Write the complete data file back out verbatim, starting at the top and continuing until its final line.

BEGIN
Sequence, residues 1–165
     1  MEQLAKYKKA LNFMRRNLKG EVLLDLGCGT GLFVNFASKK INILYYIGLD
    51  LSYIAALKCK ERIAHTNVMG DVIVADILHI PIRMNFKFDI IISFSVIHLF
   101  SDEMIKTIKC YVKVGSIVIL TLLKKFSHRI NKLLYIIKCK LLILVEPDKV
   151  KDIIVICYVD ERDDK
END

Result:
Sequence, residues 1–165
     1  MEQLAKYKKA LNFMRRNLKG EVLLDLGCGT GLFVNFASKK INILYYIGLD
    51  LSYIAALKCK ERIAHTNVMG DVIVADILHI PIRMNFKFDI IISFSVIHLF
   101  SDEMIKTIKC YVKVGSIVIL TLLKKFSHRI NKLLYIIKCK LLILVEPDKV
   151  KDIIVICYVD ERDDK